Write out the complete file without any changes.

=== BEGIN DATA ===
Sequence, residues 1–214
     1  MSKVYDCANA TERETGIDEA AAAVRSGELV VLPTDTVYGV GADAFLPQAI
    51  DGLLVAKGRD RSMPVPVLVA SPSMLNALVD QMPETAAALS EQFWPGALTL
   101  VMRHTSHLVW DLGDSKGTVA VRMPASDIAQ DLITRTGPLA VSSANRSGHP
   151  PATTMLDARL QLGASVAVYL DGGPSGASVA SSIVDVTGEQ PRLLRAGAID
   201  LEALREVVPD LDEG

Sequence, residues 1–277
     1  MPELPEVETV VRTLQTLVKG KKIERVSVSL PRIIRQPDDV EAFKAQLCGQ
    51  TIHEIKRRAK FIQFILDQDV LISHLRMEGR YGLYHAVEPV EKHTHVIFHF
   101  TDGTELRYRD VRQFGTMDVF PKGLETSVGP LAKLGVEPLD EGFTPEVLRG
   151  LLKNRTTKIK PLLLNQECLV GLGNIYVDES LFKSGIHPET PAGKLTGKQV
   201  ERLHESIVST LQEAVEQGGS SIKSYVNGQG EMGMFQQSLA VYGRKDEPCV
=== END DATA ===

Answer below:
Sequence, residues 1–214
     1  MSKVYDCANA TERETGIDEA AAAVRSGELV VLPTDTVYGV GADAFLPQAI
    51  DGLLVAKGRD RSMPVPVLVA SPSMLNALVD QMPETAAALS EQFWPGALTL
   101  VMRHTSHLVW DLGDSKGTVA VRMPASDIAQ DLITRTGPLA VSSANRSGHP
   151  PATTMLDARL QLGASVAVYL DGGPSGASVA SSIVDVTGEQ PRLLRAGAID
   201  LEALREVVPD LDEG

Sequence, residues 1–277
     1  MPELPEVETV VRTLQTLVKG KKIERVSVSL PRIIRQPDDV EAFKAQLCGQ
    51  TIHEIKRRAK FIQFILDQDV LISHLRMEGR YGLYHAVEPV EKHTHVIFHF
   101  TDGTELRYRD VRQFGTMDVF PKGLETSVGP LAKLGVEPLD EGFTPEVLRG
   151  LLKNRTTKIK PLLLNQECLV GLGNIYVDES LFKSGIHPET PAGKLTGKQV
   201  ERLHESIVST LQEAVEQGGS SIKSYVNGQG EMGMFQQSLA VYGRKDEPCV